Thus the leadership of the PA is again sending out mixed messages and broadcasting dishonesty. The brutality of the arrests, no matter what the suspicions, shows that the PA is afraid of the social resentments, and as a preventive measure, is suppressing anyone it thinks may be a potential representative or leader. Or, as Alia Amer, the mother of Ziad and Mu'ayyed, says, "All the talk on TV [against the detainees] is meant to justify the positions of senior authority personnel."

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Issandr El Amrani

Issandr El Amrani is a Cairo-based writer and consultant. His reporting and commentary on the Middle East and North Africa has appeared in The Economist, London Review of Books, Financial Times, The National, The Guardian, Time and other publications. He also publishes one of the longest-running blog in the region, www.arabist.net.

Reports: Ismail Haniyeh seen leading in Hamas Politburo vote

Bye bye Khaled Mashaal?

Is Hamas Politburo leader Khaled Mashaal’s constellation dimming? He’s already announced he’ll be stepping down, and whether or not his next step to be a more active international leader in the Palestinian Muslim Brotherhood, if he keeps his word he may not be the man eventually presiding over the (stalled) implementation of “unity” agreement with Fatah that has been sitting dead in the water since Hamas put forward terms that Fatah did not (and could not) accept.

Formally, the talks are on hold because of these internal elections, which occur over several rounds and go on through May[1], after which talks in Cairo will return the main players to the negotiating table. Haaretz has reported that Haniyeh bested Mashaal in the internal vote, and that as a result Mashaal is likely to stay on but turn over military and budgetary oversight to Hanieyh. Xinhua offered more specific details on what has been transpiring in these elections: Haniyeh reportedly secured an “unprecedented” 85 percent of the votes, though his deputies struggled to make gains against Mashaal’s associates and members of the armed wing of Hamas (along with two prisoners released in last year’s prisoner exchange, who seem to have received a massive sympathy vote).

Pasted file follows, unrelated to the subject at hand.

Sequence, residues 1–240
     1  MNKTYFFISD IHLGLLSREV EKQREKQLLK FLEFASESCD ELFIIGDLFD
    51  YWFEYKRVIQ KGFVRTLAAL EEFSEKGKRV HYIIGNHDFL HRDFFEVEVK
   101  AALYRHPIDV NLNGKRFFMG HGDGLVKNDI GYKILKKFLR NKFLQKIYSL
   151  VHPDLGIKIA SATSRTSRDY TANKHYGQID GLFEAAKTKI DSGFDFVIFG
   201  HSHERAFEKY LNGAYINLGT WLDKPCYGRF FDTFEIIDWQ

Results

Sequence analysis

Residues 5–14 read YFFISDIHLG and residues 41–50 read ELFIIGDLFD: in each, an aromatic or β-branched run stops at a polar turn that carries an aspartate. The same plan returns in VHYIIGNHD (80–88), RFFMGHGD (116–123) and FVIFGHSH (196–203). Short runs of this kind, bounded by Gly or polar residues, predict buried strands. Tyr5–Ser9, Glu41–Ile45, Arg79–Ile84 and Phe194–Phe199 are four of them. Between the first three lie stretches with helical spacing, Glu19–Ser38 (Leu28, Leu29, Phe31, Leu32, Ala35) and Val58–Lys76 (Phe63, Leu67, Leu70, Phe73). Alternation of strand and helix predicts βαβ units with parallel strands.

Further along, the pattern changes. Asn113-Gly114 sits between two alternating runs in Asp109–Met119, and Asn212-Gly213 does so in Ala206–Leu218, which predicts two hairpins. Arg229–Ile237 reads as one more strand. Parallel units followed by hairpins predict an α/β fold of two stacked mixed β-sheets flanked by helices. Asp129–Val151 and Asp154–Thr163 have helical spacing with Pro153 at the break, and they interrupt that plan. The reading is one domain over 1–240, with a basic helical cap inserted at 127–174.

All reports rely on anonymous sourcing, and Hamas has officially denied the Haaretz report, though no word has followed about the Xinhua coverage. It is, however, generally accepted that Hamas is conducting internal elections at this time and that the results will greatly affect the outcome of talks with Abu Mazen over the stalled “unity” agreement.